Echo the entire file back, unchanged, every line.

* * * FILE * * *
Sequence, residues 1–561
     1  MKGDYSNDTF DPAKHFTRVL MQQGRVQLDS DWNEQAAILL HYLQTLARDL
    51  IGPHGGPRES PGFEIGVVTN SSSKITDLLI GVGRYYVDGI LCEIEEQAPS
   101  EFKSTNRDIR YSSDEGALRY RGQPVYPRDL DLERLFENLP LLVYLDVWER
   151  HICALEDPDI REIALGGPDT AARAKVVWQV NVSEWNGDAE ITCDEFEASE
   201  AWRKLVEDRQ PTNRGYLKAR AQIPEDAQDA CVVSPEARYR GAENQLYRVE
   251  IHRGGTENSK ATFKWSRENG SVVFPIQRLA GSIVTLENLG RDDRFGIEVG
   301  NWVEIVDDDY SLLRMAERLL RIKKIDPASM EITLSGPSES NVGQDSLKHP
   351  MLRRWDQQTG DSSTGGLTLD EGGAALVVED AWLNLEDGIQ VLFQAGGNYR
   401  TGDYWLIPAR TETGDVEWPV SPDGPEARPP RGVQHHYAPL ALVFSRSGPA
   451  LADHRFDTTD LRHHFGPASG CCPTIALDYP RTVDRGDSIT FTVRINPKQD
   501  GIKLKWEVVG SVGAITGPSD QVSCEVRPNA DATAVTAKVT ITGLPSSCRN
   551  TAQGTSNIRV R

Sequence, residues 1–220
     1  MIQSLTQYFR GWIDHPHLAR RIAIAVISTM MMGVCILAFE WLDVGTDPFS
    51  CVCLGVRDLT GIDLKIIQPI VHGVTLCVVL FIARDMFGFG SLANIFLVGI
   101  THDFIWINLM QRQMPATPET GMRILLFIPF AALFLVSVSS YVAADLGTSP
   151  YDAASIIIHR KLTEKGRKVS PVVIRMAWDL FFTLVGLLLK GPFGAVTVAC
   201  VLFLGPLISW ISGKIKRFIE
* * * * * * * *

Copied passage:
Sequence, residues 1–561
     1  MKGDYSNDTF DPAKHFTRVL MQQGRVQLDS DWNEQAAILL HYLQTLARDL
    51  IGPHGGPRES PGFEIGVVTN SSSKITDLLI GVGRYYVDGI LCEIEEQAPS
   101  EFKSTNRDIR YSSDEGALRY RGQPVYPRDL DLERLFENLP LLVYLDVWER
   151  HICALEDPDI REIALGGPDT AARAKVVWQV NVSEWNGDAE ITCDEFEASE
   201  AWRKLVEDRQ PTNRGYLKAR AQIPEDAQDA CVVSPEARYR GAENQLYRVE
   251  IHRGGTENSK ATFKWSRENG SVVFPIQRLA GSIVTLENLG RDDRFGIEVG
   301  NWVEIVDDDY SLLRMAERLL RIKKIDPASM EITLSGPSES NVGQDSLKHP
   351  MLRRWDQQTG DSSTGGLTLD EGGAALVVED AWLNLEDGIQ VLFQAGGNYR
   401  TGDYWLIPAR TETGDVEWPV SPDGPEARPP RGVQHHYAPL ALVFSRSGPA
   451  LADHRFDTTD LRHHFGPASG CCPTIALDYP RTVDRGDSIT FTVRINPKQD
   501  GIKLKWEVVG SVGAITGPSD QVSCEVRPNA DATAVTAKVT ITGLPSSCRN
   551  TAQGTSNIRV R

Sequence, residues 1–220
     1  MIQSLTQYFR GWIDHPHLAR RIAIAVISTM MMGVCILAFE WLDVGTDPFS
    51  CVCLGVRDLT GIDLKIIQPI VHGVTLCVVL FIARDMFGFG SLANIFLVGI
   101  THDFIWINLM QRQMPATPET GMRILLFIPF AALFLVSVSS YVAADLGTSP
   151  YDAASIIIHR KLTEKGRKVS PVVIRMAWDL FFTLVGLLLK GPFGAVTVAC
   201  VLFLGPLISW ISGKIKRFIE